The Art Newspaper alleged in a special investigation that up to 100 paintings and drawings had been wrongly attributed to the Dutch artist. The evidence came from an examination of several scholars' studies by Martin Bailey, an expert on the artist.
The allegation in the respected specialist publication brought a terse response from Christie's. "We have seen the story and there is no reason to question the authenticity of the picture," it said in a statement.
Experts at Amsterdam's Van Gogh Museum were also unconvinced by the allegations. "These works have been declared fakes on the basis of very shaky provenance. They should not be a reason to put a question mark against them," said Sjraar van Heugpen, curator of paintings and drawings.
"You have to do a lot more research, both stylistically and technically, before you can say that ... We do not want to enter a discussion that we do not consider fair or trustworthy." Sixteen of the 45 works in question are at the Van Gogh Museum itself.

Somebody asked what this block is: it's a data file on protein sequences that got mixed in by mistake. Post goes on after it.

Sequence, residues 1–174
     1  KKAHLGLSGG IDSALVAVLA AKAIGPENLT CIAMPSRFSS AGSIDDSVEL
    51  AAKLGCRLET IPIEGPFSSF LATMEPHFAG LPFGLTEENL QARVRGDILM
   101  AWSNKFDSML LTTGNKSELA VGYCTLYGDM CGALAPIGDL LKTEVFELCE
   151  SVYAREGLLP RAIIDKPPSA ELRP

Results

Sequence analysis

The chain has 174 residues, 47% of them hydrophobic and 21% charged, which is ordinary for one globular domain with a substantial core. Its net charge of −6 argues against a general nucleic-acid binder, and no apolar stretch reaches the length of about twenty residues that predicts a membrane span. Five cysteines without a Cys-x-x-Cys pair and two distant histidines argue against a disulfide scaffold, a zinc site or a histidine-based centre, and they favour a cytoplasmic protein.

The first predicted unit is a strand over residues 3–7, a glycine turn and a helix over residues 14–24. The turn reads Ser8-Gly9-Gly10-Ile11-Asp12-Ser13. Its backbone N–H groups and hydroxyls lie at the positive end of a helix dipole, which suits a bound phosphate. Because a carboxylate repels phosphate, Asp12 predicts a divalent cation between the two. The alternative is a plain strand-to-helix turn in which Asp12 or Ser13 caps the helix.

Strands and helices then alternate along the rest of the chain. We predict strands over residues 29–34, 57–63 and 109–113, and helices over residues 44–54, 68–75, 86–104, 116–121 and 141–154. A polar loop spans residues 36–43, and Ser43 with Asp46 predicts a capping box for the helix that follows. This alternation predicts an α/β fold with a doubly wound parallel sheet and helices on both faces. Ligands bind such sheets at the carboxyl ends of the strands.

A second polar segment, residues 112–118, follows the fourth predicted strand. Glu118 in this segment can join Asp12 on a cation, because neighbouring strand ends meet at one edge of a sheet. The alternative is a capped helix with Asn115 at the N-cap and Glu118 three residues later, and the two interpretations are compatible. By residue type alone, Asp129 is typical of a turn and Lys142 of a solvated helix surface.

But the article quoted renowned expert, Jan Hulsker, who said 45 works listed as Van Gogh's were fakes and he was "very doubtful" about many more. The article also cast into doubt the authenticity of a study of the doctor who cared for Van Gogh, which fetched a record price of pounds 48.8m in 1990.
None of the contested works is thought to hang in the National Gallery in London, which has five Van Goghs on show.
There has been a long-running debate as to the provenance of many of Van Gogh's works. The Rijksmuseum in Amsterdam receives about 150 requests for authentication of his work every year, but only a tiny fraction of those are ever deemed to be genuine.
Experts say there are about 900 Van Gogh paintings and 1,200 drawings known to be in existence, and that they do not expect to find many more. The Art Newspaper notes: "The crux of the matter is that Van Gogh sold virtually no works in his lifetime and consequently there is no commercial proof of provenance or authorship."
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